By Aidan Ryan
I don’t know how I discovered the restaurant I lovingly call “that halal place,” but I think it was on a cold February night, while walking an unlit part of Main Street with my comrade, Patrick Clancy, both of us beat down, strung out, and looking for our next fix. It was a loveless night; the wind found its way through our buttonholes, and even the street lamps burned cold.
And then a faceless figure in a camelskin coat appeared out of a white portal, and the smell of pungent Arab-meat filled the empty night. So we stepped inside.
We found ourselves in some weird fluorescent crossroads, where a spice shop met a deli and a discount cosmetics store, and were joined by some benches in the middle seemingly transplanted out of an urban park, or maybe the Galleria food court. There were deconstructed cardboard boxes over the tile floor; I don’t know why.
Anyway, we were hungry, so we ordered hoagies.
“What kind,” the man asked.
“Steak,” we said in unison.
The man spoke broken English. He stared at us out of wet black pebbles, set in a tan, taut face, and he didn’t blink.
“Large,” he said, “small.”
“Large,” we said, “Everything on ‘em.”
“Peppers,” he said.
“Everything. Peppers. All of it.”
And so we waited.
For a while we didn’t look at the fellow making our hoagies. There was just too much in the store to catch our eyes – it was a discordant jumble of soft drinks, bulk bags of rice and jars of spices, banana pepper rings, shampoo, conditioner and boxed perfume. There was even a sort of clear plastic display pyramid of sunglasses and little feathers that girls could hang from their hair, maybe. On every wall you could see writing in some Indic script, and a Bollywood gameshow played on a TV that you’d have to crane or twist your neck to look at, no matter where you sat.
And then, about the same time, our eyes drifted to the silent chef. The TV noise dulled to a muted hum, and the Third World consumerist riot all around me fell out of focus, and blurred into a watercolor rainbow. The man’s face, though, was clear, and hard; and on it was etched, in straight dark lines, a picture of Ultimate Sadness.
And then the hoagies were wrapped and bagged and placed on the counter; we rose to pay him, and out of nowhere a little boy appeared, and started chirping in some foreign tongue. The deep-seated sorrow of the man’s face had unsettled us, though, and we felt uncomfortable staying; so, still hungry and cold and unaware of what waited for us, wrapped in foil and paper, in the plastic bag hung gripped tight in my fingers, we retreated to the Amherst subway station, to return to Canisius and hunker down in the WIRE clubroom for the night.
By the time we sat down we were growing faint, as both of us regularly starve ourselves so as to conserve our piddling RA meal plan stipends through the entire semester. It took all our strength to unwrap the hoagies. Miraculously they had survived a walk in sub-zero temperatures, and a short ride down the drafty Main Street subway line: they steamed when we peeled back the foil.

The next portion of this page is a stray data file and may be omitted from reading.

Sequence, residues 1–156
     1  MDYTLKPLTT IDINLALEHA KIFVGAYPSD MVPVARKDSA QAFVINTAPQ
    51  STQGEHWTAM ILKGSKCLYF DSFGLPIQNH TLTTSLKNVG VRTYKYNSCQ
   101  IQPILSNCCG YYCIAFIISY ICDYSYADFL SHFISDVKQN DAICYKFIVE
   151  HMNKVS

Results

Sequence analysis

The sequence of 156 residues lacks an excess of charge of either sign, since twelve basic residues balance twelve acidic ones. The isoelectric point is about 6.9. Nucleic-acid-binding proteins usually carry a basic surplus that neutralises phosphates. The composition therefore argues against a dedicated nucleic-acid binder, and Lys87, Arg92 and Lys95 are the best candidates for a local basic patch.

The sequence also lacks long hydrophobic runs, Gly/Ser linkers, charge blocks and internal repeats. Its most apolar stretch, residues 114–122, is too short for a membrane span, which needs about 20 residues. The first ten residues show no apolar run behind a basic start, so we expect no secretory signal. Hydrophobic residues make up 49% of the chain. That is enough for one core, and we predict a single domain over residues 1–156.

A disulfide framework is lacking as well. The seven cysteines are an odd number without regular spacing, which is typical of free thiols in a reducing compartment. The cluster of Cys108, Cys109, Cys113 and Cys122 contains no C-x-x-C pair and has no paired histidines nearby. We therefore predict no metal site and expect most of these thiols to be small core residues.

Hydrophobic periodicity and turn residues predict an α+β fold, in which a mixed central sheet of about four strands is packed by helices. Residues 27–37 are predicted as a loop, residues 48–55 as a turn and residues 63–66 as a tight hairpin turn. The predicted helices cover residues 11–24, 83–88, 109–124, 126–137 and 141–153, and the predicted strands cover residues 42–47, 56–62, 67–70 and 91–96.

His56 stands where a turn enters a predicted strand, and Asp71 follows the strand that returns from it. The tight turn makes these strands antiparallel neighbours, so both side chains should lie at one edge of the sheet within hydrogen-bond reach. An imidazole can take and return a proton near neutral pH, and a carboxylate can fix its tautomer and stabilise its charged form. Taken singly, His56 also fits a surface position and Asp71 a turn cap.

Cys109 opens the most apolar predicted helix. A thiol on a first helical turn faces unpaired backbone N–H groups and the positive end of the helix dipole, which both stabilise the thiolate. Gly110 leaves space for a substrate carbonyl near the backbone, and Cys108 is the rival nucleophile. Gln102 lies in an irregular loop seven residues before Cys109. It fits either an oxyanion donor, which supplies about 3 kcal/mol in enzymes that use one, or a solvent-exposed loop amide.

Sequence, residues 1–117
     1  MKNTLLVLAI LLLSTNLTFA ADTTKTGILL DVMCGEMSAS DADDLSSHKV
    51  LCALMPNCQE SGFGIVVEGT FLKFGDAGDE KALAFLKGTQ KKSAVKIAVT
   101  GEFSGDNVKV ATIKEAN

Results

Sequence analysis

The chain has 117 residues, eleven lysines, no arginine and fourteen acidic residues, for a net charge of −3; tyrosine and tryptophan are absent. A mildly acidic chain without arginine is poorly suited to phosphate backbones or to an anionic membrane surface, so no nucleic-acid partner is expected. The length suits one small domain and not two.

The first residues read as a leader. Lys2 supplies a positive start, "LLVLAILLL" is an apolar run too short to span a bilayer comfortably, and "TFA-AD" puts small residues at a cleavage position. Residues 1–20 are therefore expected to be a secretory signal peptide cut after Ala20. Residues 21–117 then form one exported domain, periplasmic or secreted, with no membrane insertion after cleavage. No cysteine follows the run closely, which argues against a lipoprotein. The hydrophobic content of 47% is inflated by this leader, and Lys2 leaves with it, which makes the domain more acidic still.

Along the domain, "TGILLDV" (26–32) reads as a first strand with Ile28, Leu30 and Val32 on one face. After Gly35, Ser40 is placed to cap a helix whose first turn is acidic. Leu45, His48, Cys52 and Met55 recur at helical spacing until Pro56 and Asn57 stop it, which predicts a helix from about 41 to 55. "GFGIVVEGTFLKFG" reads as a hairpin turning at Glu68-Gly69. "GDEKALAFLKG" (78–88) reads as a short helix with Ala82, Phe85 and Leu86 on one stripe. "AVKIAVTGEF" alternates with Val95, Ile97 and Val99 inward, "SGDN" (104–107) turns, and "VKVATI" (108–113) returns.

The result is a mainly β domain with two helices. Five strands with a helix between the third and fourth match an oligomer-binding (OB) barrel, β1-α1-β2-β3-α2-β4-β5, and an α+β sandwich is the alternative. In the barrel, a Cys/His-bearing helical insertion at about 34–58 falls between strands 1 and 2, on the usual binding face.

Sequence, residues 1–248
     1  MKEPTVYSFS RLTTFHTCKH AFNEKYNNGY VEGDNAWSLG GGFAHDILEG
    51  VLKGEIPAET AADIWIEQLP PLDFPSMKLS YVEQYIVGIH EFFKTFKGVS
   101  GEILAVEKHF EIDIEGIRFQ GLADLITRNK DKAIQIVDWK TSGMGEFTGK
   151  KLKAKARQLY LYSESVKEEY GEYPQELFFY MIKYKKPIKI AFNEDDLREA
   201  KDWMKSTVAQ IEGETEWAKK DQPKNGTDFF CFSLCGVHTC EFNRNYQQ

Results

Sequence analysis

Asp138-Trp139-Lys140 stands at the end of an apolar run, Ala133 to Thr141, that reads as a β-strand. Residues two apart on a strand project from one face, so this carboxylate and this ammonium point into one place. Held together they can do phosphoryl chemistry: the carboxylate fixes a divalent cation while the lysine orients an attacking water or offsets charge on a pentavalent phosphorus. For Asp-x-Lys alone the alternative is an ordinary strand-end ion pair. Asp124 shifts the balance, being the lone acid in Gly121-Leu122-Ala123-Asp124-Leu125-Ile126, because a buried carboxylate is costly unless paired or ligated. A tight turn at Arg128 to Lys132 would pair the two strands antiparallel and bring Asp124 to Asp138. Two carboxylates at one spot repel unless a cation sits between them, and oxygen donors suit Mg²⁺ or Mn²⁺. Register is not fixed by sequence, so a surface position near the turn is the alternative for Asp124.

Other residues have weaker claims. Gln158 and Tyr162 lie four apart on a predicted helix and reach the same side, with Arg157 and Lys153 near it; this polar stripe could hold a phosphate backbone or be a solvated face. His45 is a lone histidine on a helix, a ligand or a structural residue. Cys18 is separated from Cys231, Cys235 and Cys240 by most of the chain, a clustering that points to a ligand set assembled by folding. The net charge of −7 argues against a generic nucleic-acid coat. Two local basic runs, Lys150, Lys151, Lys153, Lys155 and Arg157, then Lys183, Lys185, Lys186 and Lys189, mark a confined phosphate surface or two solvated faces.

And then, even before my nose could apprehend the strange Eastern spice-smell that rose up all around us, stronger even than the first that had lured us to that lonely bodega in the first place, I found a riotous orgy of taste and new sense-experiences scarcely understood had begun in my mouth – and it showed no signs of stopping.
Mushrooms, onions, hot peppers, unctuous oils and spices both familiar and transcendent mixed with the mystery meat, this miracle wrapped in bread, and Clancy and I were initiated at once into a sort of Dionysian mystery of taste. We could not describe the experience adequately, though we tried. The damning thing was that while the flavors were new, fresh and nameless as the wet, prelapsarian Earth, they brought comfort, understanding and an inner calm that paradoxically sought to express itself in pointlessly repetitive observations.
“This . . . this is damn good,” I said.
“Goddamn it,” Clancy said, “This . . . is goddamn good.”
“I don’t . . .” I said.
“I don’t either,” Clancy said.
Since that night, Clancy and I have returned many times to the “Street Cafe and Halal Foods,” conveniently equidistant from a Rite-Aid, two liquor stores, and the Amherst Street station – a single subway stop from our home at Canisius. We’ve pondered the mystery of the sad-faced man, and of his meat, and though his visage never changes, we like to think that maybe, just maybe, our bi-weekly visits bring him some quantum of solace.
We have developed one timid theory, over the weeks. We think that the secret to his incredible taste is, in fact, his vast and inarticulate sadness. That in fact we taste his tears – naturally spiced with sea-salt, blown in on the Bengal wind.
But this answer, though convincing, does not abate the question: something remains unresolved, and the Man of Ultimate Sorrow continues to cook, noble and straight shouldered, at his post on Main Street. We will never truly understand you, your mustard or your melancholia, O Chef of Infinite Indian Sadness, O tickler of my tastebuds, deflowerer of all that is Western and right-angled. And while I cannot hope to see, I take comfort in knowing, and in hoping that my fellow travelers and halal connoisseurs might heed these words and hop with me onto that next outbound train.